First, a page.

Blogtober 27: social media for parents

Thank you so much to those of you who followed along with my pregnancy-related posts these last four days! I do want to post something about the “fourth trimester” at some point, but today was really busy so it’ll have to come another time.

Busy? you ask. Yes, today was lesson 2 of the baby sign language class! The lesson starts at 10am which is pretty much smack in the middle of everybody’s naptime, so my baby wasn’t the only one struggling today. Still, the teacher is really good at keeping everybody engaged and interested, and offering ideas for things to do with your baby at home. It was fun!

Before the lesson, the teacher and another mother and I talked a little bit about social media, and whether or not to upload photos of your kids. The mother (with whom I get along fairly well) has five children, and said she doesn’t upload any photos of the older ones (who are in school), just her youngest. “His face will change as he gets older, so even if the photos are around for a long time nobody will recognise that it’s him,” she said. That reminded me of my best friend: when her baby was born she posted tons of photos on instagram, but now her daughter is going to school the photos only pop up on facebook once in a blue moon.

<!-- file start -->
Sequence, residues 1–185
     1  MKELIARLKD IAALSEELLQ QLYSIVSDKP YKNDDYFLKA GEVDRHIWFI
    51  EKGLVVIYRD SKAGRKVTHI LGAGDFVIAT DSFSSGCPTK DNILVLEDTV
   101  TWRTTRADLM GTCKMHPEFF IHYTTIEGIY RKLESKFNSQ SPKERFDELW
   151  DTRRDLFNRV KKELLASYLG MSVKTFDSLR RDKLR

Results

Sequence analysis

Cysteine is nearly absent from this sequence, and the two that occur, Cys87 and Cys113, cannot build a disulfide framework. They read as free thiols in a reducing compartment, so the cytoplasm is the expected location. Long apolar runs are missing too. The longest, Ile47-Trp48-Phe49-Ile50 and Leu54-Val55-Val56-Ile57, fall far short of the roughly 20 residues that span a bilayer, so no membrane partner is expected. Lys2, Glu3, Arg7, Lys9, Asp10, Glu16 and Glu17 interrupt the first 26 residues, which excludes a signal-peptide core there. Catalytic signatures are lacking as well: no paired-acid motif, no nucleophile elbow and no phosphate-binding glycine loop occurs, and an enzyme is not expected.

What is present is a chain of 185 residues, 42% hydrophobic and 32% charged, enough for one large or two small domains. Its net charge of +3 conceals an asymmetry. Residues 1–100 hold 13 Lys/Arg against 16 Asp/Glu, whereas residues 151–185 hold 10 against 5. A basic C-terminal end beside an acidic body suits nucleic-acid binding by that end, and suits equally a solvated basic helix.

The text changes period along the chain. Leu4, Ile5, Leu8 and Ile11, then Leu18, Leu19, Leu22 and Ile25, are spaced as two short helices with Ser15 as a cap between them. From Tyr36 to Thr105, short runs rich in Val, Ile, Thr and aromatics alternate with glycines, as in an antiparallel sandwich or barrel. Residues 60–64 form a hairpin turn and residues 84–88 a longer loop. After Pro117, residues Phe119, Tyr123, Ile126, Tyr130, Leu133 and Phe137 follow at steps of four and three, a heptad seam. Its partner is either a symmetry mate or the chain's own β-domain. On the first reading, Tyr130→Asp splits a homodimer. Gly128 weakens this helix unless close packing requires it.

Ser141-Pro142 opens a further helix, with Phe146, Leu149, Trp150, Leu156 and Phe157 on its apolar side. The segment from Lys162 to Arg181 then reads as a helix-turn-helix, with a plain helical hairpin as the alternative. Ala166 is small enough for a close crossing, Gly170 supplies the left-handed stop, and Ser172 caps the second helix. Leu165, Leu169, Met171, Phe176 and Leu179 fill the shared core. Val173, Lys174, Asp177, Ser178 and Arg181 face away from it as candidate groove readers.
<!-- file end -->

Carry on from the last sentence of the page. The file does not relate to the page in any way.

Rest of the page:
Anyway, the sign language teacher has kids of her own but since her name and contact information is out there online, she doesn’t upload any current photos of her own children. At the beginning of the first lesson she had a consent form for us to fill out, where we could specify whether or not we wanted our/our babies’ photos to be on her blog (I opted for “okay, as long as our faces are covered by a stamp”).

We also talked a little about posting pictures privately/uploading to locked accounts, and it made me wonder where the line is. When you could meet friends and family “normally” (and locally), they’d see your kids as they grew, right? Right now, both in lockdown and when friends and families are scattered across the world, that isn’t possible – but the idea of sharing that sort of thing with your close friends and family still remains. But on the other hand there are all the issues that the current generation of kids are experiencing, where their lives have been used for social media fame and they are rightfully resentful of this “oversharenting”.

Is it the permanence of the internet that’s the problem? Are things like instagram and facebook “stories” (that disappear after 24 hours or whatever) a better answer? Do you think uploading photos to locked accounts with few followers is okay, or is it no different?

I was trying to do the 100 happy days social media challenge on instagram this autumn, but posting about things that made me happy and not posting constantly about my daughter was by far the bigger challenge, and I gave up. When the majority of our social interactions these days are online, and when your child is your entire world and literally every waking moment is dedicated to caring for or thinking about them, how not to talk/post about them… 🤔

6 Thoughts